Wednesday, May 13, 2015

The Wedding Ringer

***DISCLAIMER*** The following review is entirely my opinion. If you comment (which I encourage you to do) be respectful. If you don't agree with my opinion (or other commenters), that's fine. To each their own. These reviews are not meant to be statements of facts or endorsements, I am just sharing my opinions and my perspective when watching the film and is not meant to reflect how these films should be viewed. Finally, the reviews are given on a scale of 0-5. 0, of course, being unwatchable. 1, being terrible. 2, being not great. 3, being okay. 4, being great and 5, being epic! And if you enjoy these reviews feel free to share them and follow the blog or follow me on Twitter (@RevRonster) for links to my reviews and the occasional live-Tweet session of the movie I'm watching! I've fairly certain this film exists in the same universe as The Wedding Crashers.  Incidentally, Wilson and Vaughn were originally envisioned for the film's cast.

The Wedding Ringer – 3 out of 5

I honestly had no real desire to see The Wedding Ringer when it was coming to theaters because it looked like a slapped together comedy that would probably, more or less, be a disappointment for me and be filled with predictable humor and a lot of gags about Josh Gad’s weight. However, when the film hit the Home Media realm, my girlfriend decided we were going to watch it because she’s a big fan of Kevin Hart. I can’t say I’m really a fan of the guy because other than knowing that he’s a comedian and an actor, I’m not the most familiar with his work. However, I do really enjoy when he’s on Modern Family and he hosted the hell out of the Justin Bieber roast so he seemed like a safe bet for the film…I was actually surprised when this film turned out better than what I thought I was going to get.

Wait a second, I thought they only let Jeffrey Ross out of his cage to be a part
of Comedy Central roasts.
Doug Harris (Josh Gad) is a successful tax attorney who has the hand of a girl out of his league; Gretchen (The Big Bang Theory’s Kaley Cuoco-Sweeting), and is about to get married to her but, there’s one problem, Doug doesn’t have any friends to be his best man or even fill out his roster of groomsmen. Doug learns about a man named Jimmy Callahan (Kevin Hart) who runs a service for guys like him. The company is called Best Man, Inc. and their job is to provide services for the men in the world who lack the true friends to be their best men. However, it seems Doug’s situation might be too much for Callahan as he is to provide a Golden Tux—a service that is so large and seemingly impossible that he jokes it can’t be done. Now Jimmy must pretend to be a life-long friend of Doug, get enough people together to fill out the wedding party and throw a spectacular bachelor party for the guy…all without letting the secret slip out.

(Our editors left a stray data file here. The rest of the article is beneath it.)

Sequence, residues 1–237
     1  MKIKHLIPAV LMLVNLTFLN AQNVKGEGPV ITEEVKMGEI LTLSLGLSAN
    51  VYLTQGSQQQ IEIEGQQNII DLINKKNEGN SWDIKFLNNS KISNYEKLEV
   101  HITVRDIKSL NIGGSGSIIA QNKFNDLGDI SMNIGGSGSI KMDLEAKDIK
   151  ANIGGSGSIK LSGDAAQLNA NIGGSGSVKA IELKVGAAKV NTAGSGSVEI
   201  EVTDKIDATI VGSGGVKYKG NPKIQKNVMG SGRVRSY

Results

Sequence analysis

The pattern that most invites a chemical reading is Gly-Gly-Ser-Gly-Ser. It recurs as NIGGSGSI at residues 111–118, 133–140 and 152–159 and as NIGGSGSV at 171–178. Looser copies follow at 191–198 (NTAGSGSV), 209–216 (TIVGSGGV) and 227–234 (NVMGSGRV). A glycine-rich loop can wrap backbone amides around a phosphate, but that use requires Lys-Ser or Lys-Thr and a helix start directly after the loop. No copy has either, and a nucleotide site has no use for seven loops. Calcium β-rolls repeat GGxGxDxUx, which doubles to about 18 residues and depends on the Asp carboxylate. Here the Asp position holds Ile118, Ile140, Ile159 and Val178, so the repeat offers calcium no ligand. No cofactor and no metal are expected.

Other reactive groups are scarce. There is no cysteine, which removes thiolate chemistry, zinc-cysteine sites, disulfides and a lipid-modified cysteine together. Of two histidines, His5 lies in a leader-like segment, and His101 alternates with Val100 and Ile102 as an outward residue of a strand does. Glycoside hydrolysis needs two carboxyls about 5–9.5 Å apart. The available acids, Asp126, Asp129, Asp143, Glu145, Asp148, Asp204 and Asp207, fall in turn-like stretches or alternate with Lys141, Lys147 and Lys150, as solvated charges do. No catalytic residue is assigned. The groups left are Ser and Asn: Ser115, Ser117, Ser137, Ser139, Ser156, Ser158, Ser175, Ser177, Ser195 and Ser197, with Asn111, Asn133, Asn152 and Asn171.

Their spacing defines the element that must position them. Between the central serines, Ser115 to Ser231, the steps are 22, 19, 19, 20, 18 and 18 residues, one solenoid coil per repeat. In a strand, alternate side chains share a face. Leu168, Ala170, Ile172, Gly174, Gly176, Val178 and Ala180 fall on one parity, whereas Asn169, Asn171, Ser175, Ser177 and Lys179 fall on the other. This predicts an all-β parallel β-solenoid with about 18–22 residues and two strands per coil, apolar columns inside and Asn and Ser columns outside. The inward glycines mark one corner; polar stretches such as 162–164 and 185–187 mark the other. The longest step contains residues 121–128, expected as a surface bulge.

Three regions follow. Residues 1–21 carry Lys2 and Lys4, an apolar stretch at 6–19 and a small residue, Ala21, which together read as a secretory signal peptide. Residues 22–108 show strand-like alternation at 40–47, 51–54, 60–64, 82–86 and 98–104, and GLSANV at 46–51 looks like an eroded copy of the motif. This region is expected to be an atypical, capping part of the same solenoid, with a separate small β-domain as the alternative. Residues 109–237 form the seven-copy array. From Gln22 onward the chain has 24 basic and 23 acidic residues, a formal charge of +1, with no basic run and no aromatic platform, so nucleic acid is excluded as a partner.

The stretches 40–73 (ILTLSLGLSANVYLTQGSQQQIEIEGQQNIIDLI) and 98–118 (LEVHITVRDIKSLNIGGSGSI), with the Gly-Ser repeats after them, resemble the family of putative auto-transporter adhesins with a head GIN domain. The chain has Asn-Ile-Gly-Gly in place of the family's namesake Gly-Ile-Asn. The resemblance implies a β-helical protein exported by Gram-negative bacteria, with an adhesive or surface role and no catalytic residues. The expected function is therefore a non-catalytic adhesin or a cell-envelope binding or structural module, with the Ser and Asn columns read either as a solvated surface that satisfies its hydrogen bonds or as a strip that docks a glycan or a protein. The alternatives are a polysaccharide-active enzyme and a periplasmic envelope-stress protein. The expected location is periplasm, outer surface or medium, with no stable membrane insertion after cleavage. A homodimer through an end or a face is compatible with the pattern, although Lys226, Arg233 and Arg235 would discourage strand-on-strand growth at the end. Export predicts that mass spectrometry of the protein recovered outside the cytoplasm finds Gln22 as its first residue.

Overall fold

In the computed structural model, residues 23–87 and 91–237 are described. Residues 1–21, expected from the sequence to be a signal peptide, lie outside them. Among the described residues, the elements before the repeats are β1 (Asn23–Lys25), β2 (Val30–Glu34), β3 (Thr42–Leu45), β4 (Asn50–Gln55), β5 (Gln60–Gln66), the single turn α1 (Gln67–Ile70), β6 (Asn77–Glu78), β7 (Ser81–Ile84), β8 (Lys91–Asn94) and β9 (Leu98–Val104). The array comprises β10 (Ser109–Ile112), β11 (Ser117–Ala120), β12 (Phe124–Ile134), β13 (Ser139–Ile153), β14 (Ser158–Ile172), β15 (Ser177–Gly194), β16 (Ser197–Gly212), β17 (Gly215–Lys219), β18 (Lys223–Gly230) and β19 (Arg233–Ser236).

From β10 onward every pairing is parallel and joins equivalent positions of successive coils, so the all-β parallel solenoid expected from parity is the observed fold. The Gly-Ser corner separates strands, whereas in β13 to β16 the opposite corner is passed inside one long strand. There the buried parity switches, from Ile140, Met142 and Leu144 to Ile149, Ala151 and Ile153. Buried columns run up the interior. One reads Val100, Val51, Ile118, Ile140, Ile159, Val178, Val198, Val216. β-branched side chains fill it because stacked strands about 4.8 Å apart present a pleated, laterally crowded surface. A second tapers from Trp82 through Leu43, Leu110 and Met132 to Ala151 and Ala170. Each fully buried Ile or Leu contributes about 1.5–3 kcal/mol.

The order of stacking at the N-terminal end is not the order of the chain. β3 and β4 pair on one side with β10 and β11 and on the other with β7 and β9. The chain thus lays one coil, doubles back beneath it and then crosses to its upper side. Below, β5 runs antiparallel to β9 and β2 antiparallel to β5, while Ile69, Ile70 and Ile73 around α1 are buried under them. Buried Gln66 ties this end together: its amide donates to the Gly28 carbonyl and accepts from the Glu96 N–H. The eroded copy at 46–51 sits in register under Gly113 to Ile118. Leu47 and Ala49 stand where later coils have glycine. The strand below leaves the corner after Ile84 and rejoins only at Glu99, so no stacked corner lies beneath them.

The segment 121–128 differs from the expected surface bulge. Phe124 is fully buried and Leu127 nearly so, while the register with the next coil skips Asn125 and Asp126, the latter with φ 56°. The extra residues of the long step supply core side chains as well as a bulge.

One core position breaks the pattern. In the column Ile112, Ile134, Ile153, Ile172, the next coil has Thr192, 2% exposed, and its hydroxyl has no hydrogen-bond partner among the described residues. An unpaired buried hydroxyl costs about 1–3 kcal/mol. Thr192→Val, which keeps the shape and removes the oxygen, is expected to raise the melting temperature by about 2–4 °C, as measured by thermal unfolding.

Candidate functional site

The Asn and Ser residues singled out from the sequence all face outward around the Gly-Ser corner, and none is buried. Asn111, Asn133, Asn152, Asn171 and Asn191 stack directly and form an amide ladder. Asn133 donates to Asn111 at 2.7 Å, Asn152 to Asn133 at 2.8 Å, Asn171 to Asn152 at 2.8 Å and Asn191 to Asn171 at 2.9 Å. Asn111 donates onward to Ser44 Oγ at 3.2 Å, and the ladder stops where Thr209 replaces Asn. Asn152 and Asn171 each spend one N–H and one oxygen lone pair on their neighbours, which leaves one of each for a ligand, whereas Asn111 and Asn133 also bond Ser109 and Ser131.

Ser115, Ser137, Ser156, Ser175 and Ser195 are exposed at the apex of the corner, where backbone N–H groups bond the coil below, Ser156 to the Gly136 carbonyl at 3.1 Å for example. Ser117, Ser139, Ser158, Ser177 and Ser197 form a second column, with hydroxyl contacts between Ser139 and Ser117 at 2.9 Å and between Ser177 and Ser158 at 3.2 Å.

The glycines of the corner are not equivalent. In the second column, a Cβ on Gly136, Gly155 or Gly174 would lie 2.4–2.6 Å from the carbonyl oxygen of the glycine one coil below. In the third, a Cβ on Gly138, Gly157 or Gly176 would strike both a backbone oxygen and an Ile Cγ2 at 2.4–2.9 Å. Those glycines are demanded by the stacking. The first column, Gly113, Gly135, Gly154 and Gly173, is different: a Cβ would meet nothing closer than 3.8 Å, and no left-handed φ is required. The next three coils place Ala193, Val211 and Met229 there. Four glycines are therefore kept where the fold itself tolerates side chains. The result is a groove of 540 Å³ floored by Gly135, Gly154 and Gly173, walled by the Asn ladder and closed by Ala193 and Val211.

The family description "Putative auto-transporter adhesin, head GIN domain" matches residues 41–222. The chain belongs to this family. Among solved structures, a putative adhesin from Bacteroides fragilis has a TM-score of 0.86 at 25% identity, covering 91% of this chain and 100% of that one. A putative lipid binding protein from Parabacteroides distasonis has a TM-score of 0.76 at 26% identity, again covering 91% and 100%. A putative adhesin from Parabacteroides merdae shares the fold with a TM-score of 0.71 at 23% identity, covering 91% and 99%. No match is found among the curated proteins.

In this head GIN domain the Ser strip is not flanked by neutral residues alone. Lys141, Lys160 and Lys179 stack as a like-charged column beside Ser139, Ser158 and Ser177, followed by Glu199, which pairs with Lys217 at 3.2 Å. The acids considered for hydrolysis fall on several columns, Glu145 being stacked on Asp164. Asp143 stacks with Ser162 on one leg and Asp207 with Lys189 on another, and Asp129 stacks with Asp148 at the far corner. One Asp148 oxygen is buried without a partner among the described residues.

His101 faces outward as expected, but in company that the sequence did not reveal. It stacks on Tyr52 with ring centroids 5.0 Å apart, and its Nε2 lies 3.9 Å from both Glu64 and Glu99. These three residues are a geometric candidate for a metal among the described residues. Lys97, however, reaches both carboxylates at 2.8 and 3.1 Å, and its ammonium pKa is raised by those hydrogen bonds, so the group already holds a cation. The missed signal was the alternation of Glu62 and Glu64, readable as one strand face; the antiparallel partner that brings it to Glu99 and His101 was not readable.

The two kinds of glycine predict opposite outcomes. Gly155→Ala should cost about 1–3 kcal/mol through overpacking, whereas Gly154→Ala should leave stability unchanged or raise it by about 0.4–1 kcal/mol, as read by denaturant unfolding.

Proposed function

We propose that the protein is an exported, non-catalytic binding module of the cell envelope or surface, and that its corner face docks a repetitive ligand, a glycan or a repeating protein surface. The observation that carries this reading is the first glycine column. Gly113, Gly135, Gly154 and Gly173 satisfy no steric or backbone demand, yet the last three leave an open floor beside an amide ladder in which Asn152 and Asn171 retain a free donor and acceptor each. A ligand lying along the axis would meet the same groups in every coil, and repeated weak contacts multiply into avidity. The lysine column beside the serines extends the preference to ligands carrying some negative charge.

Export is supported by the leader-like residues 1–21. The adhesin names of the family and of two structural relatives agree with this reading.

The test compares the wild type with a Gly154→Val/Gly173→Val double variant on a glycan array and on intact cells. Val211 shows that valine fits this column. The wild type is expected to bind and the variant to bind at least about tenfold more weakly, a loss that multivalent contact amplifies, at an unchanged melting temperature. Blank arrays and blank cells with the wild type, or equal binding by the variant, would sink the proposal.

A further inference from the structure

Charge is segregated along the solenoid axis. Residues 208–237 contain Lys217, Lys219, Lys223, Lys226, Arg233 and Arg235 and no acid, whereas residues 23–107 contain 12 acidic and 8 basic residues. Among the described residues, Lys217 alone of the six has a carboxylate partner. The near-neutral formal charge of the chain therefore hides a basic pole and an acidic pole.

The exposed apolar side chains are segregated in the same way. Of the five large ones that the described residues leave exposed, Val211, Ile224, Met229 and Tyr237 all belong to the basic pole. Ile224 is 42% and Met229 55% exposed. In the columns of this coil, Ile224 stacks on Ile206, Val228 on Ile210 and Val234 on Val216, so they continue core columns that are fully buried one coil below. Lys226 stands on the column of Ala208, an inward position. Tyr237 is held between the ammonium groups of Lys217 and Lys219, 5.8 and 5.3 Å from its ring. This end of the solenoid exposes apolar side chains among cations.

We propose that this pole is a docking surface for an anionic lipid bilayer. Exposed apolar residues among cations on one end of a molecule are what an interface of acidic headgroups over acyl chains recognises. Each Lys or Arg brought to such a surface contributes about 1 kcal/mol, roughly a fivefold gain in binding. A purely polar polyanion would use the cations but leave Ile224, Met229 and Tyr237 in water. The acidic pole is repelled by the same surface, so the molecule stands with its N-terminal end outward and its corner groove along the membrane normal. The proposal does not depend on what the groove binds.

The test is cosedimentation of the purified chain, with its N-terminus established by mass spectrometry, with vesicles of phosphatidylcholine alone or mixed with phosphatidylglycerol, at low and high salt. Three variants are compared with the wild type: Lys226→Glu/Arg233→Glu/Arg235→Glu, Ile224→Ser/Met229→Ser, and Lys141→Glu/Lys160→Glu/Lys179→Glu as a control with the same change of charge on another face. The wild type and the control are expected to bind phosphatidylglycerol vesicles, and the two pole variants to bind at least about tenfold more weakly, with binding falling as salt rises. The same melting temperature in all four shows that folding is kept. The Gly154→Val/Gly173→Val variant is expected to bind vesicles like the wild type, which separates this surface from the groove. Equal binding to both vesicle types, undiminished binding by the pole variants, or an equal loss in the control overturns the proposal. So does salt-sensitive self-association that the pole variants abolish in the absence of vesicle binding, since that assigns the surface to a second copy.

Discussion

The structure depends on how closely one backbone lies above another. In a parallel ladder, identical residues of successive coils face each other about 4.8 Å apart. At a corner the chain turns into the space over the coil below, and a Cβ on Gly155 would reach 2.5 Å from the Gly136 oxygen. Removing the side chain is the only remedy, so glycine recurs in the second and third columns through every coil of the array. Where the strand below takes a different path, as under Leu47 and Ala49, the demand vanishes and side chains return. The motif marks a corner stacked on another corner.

If Kevin Hart was a priest, I might actually go to church.

Like I previously stated, my expectations weren’t very high for this film and I was quite surprised by how funny it was. Kevin Hart and Josh Gad have some real chemistry together on screen and really pull off some great buddy comedy scenes. Additionally, the story had a promising premise that takes the tired old concept of wedding-based shenanigans and adds a new coat of paint to it. However, the film does have a few issues that keeps this from being better than it could have been and make it a comedy that becomes one of those constantly quoted pieces.

I'm assuming he's looking at yet another email from an angry parent who's had
Frozen playing on an endless loop since it has come out.  It wasn't your fault, Olaf.

Joe Namath has a cameo in the film.  I'm assuming it was
because of vapor lock.  (It's a Simpsons reference, kids.
Ask your parents.)
One issue I had was the superfluous nature of a lot of scenes. Some gags and sequences feel completely out of place with the rest of the tone of the film and enters into a needlessly wild slapstick world. Much of the best humor, I found, in the film was the camaraderie between Gad and Hart and character-based humor when Callahan’s team of groomsmen are forced to play insanely specific parts on such a short time-table. During a few sequences of the film, this working formula is abandoned for wild hijinks that feel like they belong in a completely different film. This is extremely notable in the bachelor party scene that sees the sequence end with Harris getting his dick bitten by a dog and a car chase with a cop. It didn’t feel like it belonged with the rest of the film and was just distracting.